Tuesday, October 7, 2008

(WFMW) Attachment Parenting Month

October is the official Attachment Parenting month and I wanted to dedicate some blog space to the importance of AP and babywearing in our lives. I thought I'd combine it with Works for me Wednesday this week, since it is indeed something that has worked for us.

I was only 22 when my daughter was born. I'd been married less than two years, had never lived alone and could barely navigate the mechanics of check-writing. Seriously. I was naive. An event in that first day after her birth affected me on a emotional level so deep it was years before I realized its significance.

She was fussy at first, probably a reaction to the difficult birth. She nursed frantically for hours (literally) and screamed with rage whenever I attempted to distract her, or put her down. My well-meaning relatives, in an effort to give me some rest persuaded me to give her to them to take outside for a walk.

"Babies love the outdoors. She'll calm down in no time. You close your eyes for a while and we'll wake you if she doesn't stop crying."

Against my own feeble instincts I gave over my hours-old dollbaby and drifted into sleep. Several hours later I awoke to find that my precious daughter had screamed nearly the entire time and had only just fallen into an exhausted stupor.

Oh how I cried and cried when I found this out. I held her and apologized over and over for leaving her,for putting my own needs above hers. I promised I would never leave her again. I determined in my mind that she would never have to cry again. At the slightest peep from her I would give her whatever she needed/wanted.

Now all of you reading who have children and a proper perspective on their needs can imagine that it wasn't long before I realized the futility of such a resolution. Babies cry and that's a fact of life. And I did learn to let her cry at times. And I learned that some crying is from thwarted will, not true need. And I learned that leaving her isn't always a bad thing. And I learned that putting my needs ahead of her wants sometimes was for her own good in the end. (Ie: getting myself some sleep, a shower, food, etc.)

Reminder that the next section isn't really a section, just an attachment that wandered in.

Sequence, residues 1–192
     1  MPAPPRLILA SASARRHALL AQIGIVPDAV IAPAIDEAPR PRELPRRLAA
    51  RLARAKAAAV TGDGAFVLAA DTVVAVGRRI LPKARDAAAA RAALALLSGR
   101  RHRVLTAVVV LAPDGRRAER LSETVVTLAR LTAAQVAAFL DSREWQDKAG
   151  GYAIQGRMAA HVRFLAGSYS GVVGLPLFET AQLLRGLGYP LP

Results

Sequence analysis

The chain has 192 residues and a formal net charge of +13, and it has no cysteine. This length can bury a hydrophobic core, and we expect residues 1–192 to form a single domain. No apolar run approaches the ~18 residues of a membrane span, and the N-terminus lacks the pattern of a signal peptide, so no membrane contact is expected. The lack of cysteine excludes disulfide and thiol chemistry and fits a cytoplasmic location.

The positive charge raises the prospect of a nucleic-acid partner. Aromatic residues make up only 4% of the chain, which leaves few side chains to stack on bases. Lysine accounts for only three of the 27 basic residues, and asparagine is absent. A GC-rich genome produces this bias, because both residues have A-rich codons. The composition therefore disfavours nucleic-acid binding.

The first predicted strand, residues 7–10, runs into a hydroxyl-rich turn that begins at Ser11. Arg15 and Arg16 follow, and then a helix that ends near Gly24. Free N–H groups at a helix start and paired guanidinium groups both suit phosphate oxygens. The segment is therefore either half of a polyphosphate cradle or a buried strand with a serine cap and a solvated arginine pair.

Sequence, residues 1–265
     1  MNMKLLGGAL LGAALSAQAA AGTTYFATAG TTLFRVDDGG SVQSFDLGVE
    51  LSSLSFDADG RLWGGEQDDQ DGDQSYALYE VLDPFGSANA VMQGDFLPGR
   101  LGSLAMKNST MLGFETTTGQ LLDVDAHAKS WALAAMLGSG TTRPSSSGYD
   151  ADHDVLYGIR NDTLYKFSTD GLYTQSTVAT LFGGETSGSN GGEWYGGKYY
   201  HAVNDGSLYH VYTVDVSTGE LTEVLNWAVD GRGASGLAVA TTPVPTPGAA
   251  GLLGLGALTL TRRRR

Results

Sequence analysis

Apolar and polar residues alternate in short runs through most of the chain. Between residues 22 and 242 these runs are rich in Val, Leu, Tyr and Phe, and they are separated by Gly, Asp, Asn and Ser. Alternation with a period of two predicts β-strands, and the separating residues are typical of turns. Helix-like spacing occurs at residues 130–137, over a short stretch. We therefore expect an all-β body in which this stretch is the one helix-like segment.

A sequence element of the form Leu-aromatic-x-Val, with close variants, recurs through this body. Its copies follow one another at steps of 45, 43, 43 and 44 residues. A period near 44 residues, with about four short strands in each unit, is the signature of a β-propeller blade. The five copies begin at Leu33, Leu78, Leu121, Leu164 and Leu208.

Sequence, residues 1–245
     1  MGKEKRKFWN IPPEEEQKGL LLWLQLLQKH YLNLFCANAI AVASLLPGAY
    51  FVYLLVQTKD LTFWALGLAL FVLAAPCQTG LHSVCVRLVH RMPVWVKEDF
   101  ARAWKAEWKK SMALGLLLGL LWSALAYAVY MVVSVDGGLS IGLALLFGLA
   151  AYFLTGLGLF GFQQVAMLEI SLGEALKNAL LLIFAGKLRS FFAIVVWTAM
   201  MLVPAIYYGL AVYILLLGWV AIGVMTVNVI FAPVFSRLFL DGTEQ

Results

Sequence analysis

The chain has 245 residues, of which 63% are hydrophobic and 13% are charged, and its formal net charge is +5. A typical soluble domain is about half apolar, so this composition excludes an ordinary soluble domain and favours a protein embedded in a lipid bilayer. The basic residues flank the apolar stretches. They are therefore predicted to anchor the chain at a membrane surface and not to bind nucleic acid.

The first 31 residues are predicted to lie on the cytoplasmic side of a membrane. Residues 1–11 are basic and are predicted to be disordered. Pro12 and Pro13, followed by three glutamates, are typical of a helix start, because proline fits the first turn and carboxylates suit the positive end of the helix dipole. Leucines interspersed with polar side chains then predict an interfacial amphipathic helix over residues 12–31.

But one result of that early experience was my embracing of a concept that I hadn't yet heard of, but would recognize years later when it was popularized and given a name. And I unconsciously began the practice of "babywearing", also never having heard of it. I had a ring sling and a backpack carrier that I re-made from one my parents used when I was a baby. (This was long before the days of Mei Tais at the Target checkout line. I had to make do with what I had) She went with me everywhere. She slept in the bed with us at night. She was on my back while I made dinner. She sat in a basket at my feet while I taught. I nursed her in the sling during the lessons-- thanks to the tolerance of some really awesome moms who were breastfeeding advocates before it was a celebrity endorsed activity. She helped me clean and sew and garden. She was my righthand man and constant companion

Except when Daddy was babywearing ;)

The results were amazing! Her verbal skills far outpaced the average. She was obedient and helpful. She was secure around strangers and never hesitated to give a smile to anyone. She learned amazingly quickly and was eager to participate in anything I was doing. Today she continues to be exceptionally bright (I'm not just saying this-- she really is! no prejudice at all...) and quite well-acquainted with the workings of a household. She has her own sling and practices the art of babywearing with her own "babies".

When my son was born, I was prepared. I'd read about Attachment Parenting. I'd researched babywearing options. I'd made a wrap. I was ready! It was sweet, sweet. This dear little bundle nestled against my chest, almost as though still in utero, but visible and kissable. We were here again, and it was a familiar place. Sweet, I say, sweet.